Second email in the Lenten Apophatic/ Cataphatic Exploration

Every 3 days or so, we are exploring the distance between the apophatic and cataphatic through the lens of Lent via email.  If you would like to sign up for the rest of the series, email otherjeffcampbell7@gmail.com or use the contact form at the top of this page.

Here is the second email in the series:

Lent is a remembrance of Jesus time in the desert.  Though he will eventually fast for 40 days and face of with the personification of evil, when it began he was fresh out of his baptism.  They had heard the voice of God and seen a dove-like spirit descend.  It was a time of light and optimism, a time where words could easily express the things that were going on.
In recognition of this, we are beginning this Email Exploration focused on the Cataphatic: the light-filled, the joyous, that which can be expressed in words.
Today’s practice comes out of Buddhist Traditions.  It is practiced in that context as a walking meditation; a time to notice and affirm all that is around.  Here, it is expressed as a sitting contemplation.  Though I encourage you to try it in other contexts.

Place your feet flat on the floor.  

2.  Breathe deeply, in through the nose and out through the mouth.

3.  When you are ready to begin, with the inhale, think “Yes.  Yes.  Yes.”  With the exhale, think, “Thank you.  Thank you.  Thank you.”  Devote most of your practice today to this step.

4.  Spend some time thinking about what you have in your life to say “Thank you for.”  Consider the things you might be saying “Yes.” To.

5.  When you are ready, release all these words.  Spend some time in wordless union.

There is a lot to be gained by deciding, in advance, how long you will devote to your spiritual practice each day.  Committing to a set time– even if it is just 5 or 10 minutes a day, is a powerful investment in yourself.  Timers on phones– or even ovens– are a great place to start.  Apps such as the insight meditation timer are even better.  They can be set to periodically chime so that we know how long we have been at it.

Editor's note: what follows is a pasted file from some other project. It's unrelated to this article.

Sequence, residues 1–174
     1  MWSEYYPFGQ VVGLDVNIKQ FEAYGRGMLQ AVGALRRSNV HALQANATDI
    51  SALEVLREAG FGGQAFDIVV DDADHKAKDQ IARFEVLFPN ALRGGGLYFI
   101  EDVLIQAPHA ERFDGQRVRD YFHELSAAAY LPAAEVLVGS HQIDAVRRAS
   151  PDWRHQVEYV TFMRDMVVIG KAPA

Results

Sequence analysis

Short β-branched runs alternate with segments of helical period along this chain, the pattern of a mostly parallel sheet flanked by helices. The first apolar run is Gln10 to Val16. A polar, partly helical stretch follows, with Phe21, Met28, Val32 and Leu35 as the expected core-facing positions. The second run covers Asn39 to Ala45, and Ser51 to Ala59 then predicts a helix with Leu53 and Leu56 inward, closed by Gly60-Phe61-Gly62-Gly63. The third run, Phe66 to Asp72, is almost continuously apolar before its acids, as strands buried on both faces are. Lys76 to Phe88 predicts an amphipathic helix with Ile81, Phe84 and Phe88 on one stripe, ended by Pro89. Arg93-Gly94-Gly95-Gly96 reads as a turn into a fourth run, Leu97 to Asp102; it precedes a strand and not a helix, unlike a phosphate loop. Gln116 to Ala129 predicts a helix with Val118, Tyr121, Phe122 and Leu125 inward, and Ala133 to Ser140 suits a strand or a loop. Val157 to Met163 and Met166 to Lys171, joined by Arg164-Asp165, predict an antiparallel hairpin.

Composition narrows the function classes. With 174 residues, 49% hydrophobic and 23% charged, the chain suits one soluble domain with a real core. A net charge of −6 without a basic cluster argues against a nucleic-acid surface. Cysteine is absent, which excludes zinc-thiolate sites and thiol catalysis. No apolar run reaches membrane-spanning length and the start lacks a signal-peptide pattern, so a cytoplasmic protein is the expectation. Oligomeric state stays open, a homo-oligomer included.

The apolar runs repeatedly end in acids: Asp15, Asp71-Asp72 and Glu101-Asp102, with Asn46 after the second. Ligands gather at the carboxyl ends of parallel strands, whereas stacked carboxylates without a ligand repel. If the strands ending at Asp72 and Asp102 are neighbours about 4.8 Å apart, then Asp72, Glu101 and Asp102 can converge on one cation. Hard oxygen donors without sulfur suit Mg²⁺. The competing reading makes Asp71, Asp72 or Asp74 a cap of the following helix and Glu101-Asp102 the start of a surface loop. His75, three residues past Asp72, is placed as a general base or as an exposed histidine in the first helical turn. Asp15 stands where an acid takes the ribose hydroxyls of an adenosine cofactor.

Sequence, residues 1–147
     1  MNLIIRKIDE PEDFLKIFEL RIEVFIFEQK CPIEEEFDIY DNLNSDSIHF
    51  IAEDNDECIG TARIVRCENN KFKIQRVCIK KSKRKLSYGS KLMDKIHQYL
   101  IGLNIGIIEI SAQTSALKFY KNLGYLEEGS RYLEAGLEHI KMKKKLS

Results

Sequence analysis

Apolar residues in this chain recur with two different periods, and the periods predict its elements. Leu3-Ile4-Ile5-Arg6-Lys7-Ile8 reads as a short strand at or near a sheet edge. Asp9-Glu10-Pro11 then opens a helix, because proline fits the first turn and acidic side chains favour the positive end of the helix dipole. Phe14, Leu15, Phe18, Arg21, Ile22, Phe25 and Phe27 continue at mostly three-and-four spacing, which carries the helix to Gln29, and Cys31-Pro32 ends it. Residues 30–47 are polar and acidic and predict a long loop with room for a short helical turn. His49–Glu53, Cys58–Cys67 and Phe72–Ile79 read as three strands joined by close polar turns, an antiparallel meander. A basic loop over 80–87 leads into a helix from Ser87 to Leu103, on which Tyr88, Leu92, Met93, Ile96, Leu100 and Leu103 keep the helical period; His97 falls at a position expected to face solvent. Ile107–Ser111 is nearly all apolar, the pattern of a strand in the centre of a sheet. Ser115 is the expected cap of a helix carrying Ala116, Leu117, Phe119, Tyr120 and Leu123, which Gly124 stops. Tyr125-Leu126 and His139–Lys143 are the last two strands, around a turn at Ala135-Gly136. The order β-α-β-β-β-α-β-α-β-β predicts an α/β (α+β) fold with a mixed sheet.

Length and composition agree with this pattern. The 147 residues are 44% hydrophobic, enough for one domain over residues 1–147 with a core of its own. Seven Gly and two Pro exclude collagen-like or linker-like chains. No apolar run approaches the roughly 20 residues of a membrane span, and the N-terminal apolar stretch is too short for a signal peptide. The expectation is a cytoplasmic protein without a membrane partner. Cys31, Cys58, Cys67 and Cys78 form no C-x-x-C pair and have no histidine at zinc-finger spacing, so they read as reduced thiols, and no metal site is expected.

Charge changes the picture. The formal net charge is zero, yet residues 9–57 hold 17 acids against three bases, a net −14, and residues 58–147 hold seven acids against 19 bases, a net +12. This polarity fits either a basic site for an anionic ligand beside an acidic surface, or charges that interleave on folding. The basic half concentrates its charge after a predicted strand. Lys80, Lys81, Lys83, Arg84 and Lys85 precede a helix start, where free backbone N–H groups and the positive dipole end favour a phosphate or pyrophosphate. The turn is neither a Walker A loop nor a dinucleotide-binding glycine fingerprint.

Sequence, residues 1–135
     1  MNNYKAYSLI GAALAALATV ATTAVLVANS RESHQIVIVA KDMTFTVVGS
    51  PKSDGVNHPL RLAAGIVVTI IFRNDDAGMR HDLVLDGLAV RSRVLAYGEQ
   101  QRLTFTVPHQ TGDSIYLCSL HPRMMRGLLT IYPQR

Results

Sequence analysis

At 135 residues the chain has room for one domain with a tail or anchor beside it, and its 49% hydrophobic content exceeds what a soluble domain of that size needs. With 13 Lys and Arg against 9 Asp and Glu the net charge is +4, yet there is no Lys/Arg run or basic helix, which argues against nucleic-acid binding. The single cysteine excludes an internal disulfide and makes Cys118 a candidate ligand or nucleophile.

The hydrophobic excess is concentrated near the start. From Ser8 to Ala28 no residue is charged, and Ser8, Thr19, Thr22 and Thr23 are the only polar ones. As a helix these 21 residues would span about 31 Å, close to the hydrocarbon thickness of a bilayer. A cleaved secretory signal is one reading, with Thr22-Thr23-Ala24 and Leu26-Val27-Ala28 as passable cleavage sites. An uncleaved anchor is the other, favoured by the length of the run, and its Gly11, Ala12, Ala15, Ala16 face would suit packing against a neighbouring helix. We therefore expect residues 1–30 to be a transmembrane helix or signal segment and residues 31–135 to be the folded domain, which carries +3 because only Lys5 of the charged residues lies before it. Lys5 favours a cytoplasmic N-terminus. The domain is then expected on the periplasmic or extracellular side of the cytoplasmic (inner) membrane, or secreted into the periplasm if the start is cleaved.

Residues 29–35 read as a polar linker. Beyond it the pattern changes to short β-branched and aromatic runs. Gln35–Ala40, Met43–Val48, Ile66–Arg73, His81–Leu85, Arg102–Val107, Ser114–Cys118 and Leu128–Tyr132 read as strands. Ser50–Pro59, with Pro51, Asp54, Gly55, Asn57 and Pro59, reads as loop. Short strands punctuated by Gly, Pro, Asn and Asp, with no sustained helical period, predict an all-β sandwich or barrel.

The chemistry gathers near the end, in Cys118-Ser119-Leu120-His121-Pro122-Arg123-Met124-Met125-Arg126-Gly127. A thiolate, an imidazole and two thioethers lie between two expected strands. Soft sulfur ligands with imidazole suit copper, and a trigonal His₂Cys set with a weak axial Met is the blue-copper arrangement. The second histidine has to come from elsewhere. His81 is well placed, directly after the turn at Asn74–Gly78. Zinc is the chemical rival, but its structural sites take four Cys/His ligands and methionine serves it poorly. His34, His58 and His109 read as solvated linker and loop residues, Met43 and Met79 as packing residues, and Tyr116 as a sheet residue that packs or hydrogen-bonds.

One of the most significant (and surprising) benefits of sticking with your practice for a set time is that lots of important soul “work” happens when things begin to get difficult.  If I have not made the plan to keep going, I am likely to quit just as things get hard.  To continue through these difficult patches is where the real growth occurs

In some ways, today’s practice is the most Cataphatic of all the practices we will engage in over this Email Exploration.  Through out the season of Lent, you can look forward to a new email about every 2 or 3 days. It is highly recommended that you engage these practices each day.  However, if a given practice is not resonating with you, you might try repeating a practice from earlier in this Email Exploration.
The next email will be on its way Monday Morning.  Though the next practice is also very light and word-dependent, it will begin to lay some groundwork for more apaphatic practices.

2 thoughts on “Second email in the Lenten Apophatic/ Cataphatic Exploration

  1. Lori

    So first I want to comment on the first practice. I love it. I have been doing it at night right before bed. Each part speaks.
    Be still and know that I am God. Relax, open yourself to me. I am God. God of everything. Your God.
    Be still and know that I am. I am the I AM.
    Be still and know that I. Me. I am God. I am personal to you.
    Be still and know that. That what, Father? What do you want me to know? What do you want to say to me? In my stillness, how do you want to be with me?
    Be still and know. Know Me, as I know you. This is about how we know each other.
    Be still and. And what? What more is needed? Being still with you is enough.
    Be still. Just be with me. You do not need to do anything. Just be still with me.
    Be. You are enough. Just be, be with me, your Father who loves you and who made you, who wants you to just be. You are enough!

    More on the second practice after I’ve done it a time or two more…

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  2. Jeff Post author

    Lovely, Lori. I think this is really the power and strength of this practice: That no matter where you cut off, it has a meaning. Thanks so much for posting!

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